CNRS bans airbnb!

A few days ago, like all members of French research labs associated with CNRS, the national research institute, I received an email stating

” Le recours aux service de co-voiturage (ex, BlablaCar) et le recours aux services de location entre particuliers (ex. Air B&B [sic]) ne sont pas autorisés car ils font peser un risque sur le CNRS en termes de responsabilité.”

which means that it will no longer reimburse travel expenses connected to airbnb rentals for fear of litigation. While the decision is not completely surprising, given the bureaucratic tendencies of the CNRS, and the fact that cities and administrations are increasingly targeting airbnb, making it primarily a politically motivated ban, this is a most unwelcome item of news, both for funding reasons, as airbnb or a similar rental service offers massive gains when attending a conference with colleagues, and for comfort reasons, as I find resorting to hotels much less relaxing than in a rental, if only because I cannot cook and eat what I want.

5 Responses to “CNRS bans airbnb!”

  1. I have not received the banning AirBnB document. I am really annoyed by the bureaucratic approach of CNRS. For fear of a problem, the administrators do not care if the researchers spend their mission budgets in more expensive hotels. See also Can you put the CNRS document on line? Thanks

  2. You’re only seeing this from your perspective, a reasonable academic who would have some regard for his temporary neighbors. The vast majority of people who travel abroad seem to be drunken louts who don’t give a damn about how much they disturb the daily life of the residents. I’ve had people urinate outside our apartment under a tree, beer bottle in hand. People have rented out their apartment in our building (illegally) and these tourists made life miserable for us. Given, as Sartre has observed, that hell is other people (I would correct it to hell is 95% of other people), I think that this ban is very welcome. If people weren’t such assholes, I would be all for it, unfortunately that is not true.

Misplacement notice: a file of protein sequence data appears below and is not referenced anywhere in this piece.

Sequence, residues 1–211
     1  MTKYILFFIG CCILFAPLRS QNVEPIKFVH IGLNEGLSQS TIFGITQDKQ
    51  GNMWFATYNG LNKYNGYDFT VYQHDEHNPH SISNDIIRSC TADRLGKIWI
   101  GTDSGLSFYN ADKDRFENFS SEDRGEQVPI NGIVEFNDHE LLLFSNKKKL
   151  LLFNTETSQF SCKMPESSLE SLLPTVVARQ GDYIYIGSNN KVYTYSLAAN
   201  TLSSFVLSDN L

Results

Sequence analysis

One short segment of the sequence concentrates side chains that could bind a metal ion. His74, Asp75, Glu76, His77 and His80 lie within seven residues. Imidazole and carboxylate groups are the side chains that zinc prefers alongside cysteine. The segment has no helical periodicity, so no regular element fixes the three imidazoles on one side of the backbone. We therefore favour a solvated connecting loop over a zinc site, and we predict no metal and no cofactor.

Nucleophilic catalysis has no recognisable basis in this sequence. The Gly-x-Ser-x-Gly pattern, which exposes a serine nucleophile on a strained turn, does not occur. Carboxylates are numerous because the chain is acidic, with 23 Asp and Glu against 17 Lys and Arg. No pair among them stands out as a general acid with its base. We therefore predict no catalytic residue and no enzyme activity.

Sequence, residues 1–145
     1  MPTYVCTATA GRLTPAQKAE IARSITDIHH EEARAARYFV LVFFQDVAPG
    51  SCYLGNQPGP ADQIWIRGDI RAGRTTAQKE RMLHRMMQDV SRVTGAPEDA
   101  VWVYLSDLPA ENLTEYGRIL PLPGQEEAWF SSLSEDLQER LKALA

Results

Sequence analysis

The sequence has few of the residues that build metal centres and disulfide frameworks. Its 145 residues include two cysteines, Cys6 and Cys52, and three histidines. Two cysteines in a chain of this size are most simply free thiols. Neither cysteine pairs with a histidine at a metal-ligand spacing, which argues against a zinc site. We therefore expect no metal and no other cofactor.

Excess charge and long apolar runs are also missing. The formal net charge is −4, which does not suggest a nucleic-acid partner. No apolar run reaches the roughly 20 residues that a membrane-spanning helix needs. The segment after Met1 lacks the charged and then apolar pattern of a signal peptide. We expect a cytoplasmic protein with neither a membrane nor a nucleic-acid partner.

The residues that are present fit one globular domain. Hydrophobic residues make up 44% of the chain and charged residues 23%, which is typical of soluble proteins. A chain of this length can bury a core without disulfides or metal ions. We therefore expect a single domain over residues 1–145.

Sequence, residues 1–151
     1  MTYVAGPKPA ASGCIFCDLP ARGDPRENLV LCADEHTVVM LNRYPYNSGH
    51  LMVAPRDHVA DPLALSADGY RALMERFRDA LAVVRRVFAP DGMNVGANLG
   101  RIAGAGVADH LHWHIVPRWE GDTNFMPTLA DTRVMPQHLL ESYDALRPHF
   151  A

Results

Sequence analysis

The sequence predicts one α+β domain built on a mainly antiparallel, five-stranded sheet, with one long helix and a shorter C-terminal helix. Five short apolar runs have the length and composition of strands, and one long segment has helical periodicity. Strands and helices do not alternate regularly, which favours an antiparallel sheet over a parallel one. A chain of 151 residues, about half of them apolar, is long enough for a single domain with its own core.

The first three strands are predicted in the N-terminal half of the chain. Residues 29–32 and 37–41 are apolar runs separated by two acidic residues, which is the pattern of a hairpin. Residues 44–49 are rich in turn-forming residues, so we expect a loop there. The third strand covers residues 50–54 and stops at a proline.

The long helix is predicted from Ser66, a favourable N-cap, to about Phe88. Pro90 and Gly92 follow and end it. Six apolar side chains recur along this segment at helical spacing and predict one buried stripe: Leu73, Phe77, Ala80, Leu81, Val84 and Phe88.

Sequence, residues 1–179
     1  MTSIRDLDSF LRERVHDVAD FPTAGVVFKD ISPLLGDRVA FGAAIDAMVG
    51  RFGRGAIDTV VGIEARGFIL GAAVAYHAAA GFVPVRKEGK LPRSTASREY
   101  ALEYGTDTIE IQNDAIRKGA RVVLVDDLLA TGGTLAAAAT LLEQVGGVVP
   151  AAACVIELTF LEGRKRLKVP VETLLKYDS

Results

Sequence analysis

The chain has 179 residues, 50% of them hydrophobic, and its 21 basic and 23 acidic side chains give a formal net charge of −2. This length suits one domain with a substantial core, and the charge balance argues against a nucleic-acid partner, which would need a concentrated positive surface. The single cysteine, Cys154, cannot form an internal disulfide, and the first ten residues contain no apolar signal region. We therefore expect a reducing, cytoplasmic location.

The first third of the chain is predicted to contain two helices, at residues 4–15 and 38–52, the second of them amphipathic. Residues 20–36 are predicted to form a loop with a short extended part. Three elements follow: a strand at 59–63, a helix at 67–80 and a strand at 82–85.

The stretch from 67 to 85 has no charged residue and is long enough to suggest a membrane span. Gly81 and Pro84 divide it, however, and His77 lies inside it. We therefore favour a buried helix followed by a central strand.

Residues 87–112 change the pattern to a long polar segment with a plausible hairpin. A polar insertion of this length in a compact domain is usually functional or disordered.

Try renting out your place to a couple of partying youngsters and you will come around ;)

    • I see your point Shravan and commiserate to the impact of uncontrolled renting on your daily life, but CNRS is not interested in that aspect. As a massive bureaucracy, it only seeks to cover its back in case something happens to one of its employees and CNRS gets sued by the said employee because the insurance coverage of Airbnb defaults… Which could much more likely happen to an independent hotel or rental agency in an underdeveloped country. (I have not heard of such cases but I know nothing!) If the ban is coming from higher circles, the reasons are more in line with yours, which is to favour long-term rentals over short stays.

      • I guess big bureaucracies do have to cover their asses. There is constant fear of being sued at least here in Germany.

      • There is no limit to the extent to which big organizations cover their back. How many meetings, how many hours, important people spent on this decision. At some point, bureaucracy is a cancer. yet who has actual interest in saying so ?

        Many regulating bodies realize their work is pointless and illogical, to the point where the employees are becoming depressed about it. yet who has actual interest in saying so, when it superficially provides for work and more headcount ?

        When 57% of GDP being state managed, one just asks for a little more, crank it up to 58, to 59%…

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